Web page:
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Is There Really an Immigration “Line” to Wait In?

How do we decide who can immigrate to the U.S?

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Democratic and Republican leaders actually seem to agree on one thing: that foreigners trying to get permanent residency — AKA “green cards” — should go to the back of the line and wait their turn like everyone else. It makes the whole green card process seem really simple, as though there’s just one line that everyone’s waiting in. Not surprisingly, though, the system is a whole lot more complicated than that. There are actually tons of different kinds of lines and dramatically different wait times depending on who you are and where you’re from. So what does that “line” actually look like and how did it all get so darn complicated?

ABOVE THE NOISE is a show that cuts through the hype and investigates the research behind controversial and trending topics in the news. Hosted by Shirin Ghaffary.


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What is a visa?

It’s the form that most foreigners need to have in order to travel to and stay in the United States. The two main categories are non-immigrant visas (for temporary stays) and immigrant visas (people trying to live here permanently). The immigrant visas are also known as green cards.

Is there really just one line to get a green card?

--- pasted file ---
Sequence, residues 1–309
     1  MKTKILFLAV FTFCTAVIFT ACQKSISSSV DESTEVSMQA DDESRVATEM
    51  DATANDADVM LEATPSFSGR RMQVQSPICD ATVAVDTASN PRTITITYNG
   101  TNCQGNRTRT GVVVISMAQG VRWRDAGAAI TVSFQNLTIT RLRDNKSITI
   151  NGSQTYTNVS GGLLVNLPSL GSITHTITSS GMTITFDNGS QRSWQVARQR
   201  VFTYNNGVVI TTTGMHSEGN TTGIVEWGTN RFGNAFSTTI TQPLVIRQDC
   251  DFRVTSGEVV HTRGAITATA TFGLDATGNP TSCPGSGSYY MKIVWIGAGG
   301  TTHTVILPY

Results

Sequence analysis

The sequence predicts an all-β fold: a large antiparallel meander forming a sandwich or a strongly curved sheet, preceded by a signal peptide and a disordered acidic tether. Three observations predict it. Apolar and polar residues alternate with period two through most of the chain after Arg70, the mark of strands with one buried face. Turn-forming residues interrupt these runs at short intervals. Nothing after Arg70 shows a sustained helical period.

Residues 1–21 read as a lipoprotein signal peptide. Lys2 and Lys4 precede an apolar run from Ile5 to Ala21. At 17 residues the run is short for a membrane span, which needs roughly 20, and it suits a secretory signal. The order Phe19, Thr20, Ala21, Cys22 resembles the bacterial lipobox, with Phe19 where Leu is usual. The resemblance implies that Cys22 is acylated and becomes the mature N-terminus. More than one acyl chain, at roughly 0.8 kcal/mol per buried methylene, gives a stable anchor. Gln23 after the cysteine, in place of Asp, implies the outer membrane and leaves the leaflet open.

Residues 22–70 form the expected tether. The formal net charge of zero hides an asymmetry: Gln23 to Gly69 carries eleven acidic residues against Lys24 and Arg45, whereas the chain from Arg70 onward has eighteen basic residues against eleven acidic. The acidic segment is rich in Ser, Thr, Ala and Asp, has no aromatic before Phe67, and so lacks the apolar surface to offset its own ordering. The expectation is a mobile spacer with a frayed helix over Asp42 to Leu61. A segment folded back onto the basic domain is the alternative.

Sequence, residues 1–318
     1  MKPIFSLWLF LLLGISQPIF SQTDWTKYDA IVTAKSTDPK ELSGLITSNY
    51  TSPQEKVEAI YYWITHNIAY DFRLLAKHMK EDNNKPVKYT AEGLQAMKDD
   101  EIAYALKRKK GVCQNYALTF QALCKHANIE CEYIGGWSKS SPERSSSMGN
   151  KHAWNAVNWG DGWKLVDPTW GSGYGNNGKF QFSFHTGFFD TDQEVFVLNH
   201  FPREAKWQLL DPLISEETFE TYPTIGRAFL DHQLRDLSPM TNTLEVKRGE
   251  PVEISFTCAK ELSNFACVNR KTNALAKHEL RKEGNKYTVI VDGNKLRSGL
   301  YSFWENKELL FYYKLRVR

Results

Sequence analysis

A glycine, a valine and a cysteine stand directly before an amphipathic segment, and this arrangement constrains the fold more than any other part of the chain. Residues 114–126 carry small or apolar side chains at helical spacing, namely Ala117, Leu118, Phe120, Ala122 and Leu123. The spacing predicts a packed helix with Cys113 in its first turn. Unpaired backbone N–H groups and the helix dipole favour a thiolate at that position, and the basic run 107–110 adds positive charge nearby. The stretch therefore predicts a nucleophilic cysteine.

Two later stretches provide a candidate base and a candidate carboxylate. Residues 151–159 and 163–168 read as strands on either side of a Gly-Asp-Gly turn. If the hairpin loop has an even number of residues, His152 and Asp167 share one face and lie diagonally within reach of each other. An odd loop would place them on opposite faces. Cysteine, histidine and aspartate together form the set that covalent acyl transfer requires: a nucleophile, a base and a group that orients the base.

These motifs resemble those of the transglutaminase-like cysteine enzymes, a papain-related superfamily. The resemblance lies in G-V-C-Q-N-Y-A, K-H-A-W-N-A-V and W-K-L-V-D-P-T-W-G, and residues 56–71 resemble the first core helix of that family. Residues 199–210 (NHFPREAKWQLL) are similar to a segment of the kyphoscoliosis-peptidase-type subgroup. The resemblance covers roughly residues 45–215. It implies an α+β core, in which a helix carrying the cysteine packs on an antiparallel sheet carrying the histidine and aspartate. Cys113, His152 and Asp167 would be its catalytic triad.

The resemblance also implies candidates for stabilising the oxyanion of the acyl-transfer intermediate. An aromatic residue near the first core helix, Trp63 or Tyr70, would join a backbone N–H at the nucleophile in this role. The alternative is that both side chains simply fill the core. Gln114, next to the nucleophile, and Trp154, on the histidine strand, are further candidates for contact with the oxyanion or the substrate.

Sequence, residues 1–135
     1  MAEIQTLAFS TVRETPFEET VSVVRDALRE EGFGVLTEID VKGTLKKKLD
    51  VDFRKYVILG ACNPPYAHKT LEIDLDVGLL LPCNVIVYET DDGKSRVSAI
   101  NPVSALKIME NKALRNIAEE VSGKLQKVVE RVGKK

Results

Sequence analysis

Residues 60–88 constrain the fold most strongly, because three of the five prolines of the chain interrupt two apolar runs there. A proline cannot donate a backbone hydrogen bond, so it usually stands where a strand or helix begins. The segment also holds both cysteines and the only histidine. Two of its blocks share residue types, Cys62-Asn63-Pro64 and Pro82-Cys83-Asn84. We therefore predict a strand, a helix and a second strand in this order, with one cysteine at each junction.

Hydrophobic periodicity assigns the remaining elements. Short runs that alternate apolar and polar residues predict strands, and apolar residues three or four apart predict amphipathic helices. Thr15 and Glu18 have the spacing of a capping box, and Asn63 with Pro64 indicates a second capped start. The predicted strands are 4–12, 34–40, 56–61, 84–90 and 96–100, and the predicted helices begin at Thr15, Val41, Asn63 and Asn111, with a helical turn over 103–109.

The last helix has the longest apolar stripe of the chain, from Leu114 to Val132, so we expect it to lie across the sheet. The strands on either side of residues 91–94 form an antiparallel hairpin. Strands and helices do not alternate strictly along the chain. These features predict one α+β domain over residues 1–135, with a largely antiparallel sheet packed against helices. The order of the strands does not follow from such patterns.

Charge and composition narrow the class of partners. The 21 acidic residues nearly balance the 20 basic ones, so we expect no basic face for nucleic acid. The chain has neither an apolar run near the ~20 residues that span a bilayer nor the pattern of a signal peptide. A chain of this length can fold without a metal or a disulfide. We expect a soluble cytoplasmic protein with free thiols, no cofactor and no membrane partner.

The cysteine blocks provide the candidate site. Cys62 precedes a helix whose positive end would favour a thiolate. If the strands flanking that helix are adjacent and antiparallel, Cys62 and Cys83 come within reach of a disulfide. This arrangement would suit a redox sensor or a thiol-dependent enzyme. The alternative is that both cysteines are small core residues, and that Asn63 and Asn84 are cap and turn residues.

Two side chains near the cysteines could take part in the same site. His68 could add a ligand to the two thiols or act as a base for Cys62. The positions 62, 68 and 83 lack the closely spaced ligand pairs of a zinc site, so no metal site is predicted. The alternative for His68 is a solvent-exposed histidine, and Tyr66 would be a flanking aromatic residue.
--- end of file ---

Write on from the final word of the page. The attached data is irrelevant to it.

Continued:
Not even close. It totally depends on where you’re from, what family connections you have, your education level and skill set and even how much money you have.

Do Dems and Reps both agree that the system needs to be changed?

Yes, but leaders of the two parties have very different ideas of how to do that. Republicans generally favor stricter immigration enforcement and tighter borders, while Democrats generally want to create more paths to citizenship, especially for immigrants already living in the country illegally.

Migration Policy Institute: Frequently Requested Statistics

MPI: Going to the Back of the Line: A Primer on Lines, Visa Categories, and Wait Times

Business Insider: ‘Wait your turn’: The incredibly complicated process behind legal immigration to the US

Urban Institute: A Comparison of Family and Employment Immigrants

US Citizenship and Immigration Services; Dept. of Homeland Security

Democratic Party Platform 2016, Immigration

Republican Party Platform 2016

The Atlantic: The Immigration Act that Inadvertently Changed America

Pew Research: More than Half of New Green Cards Go to People Already Living in the U.S.

More than half of new green cards go to people already living in the U.S.

With special thanks to Julia Gelatt, Senior Policy Analyst at the Migration Policy Institute, for reviewing the script.

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About KQED
KQED, an NPR and PBS affiliate in San Francisco, CA, serves Northern California and beyond with a public-supported alternative to commercial TV, Radio, and web media. Funding for Above the Noise is provided in part by the Corporation for Public Broadcasting, Silver Giving Foundation, Stuart Foundation, and William and Flora Hewlett Foundation.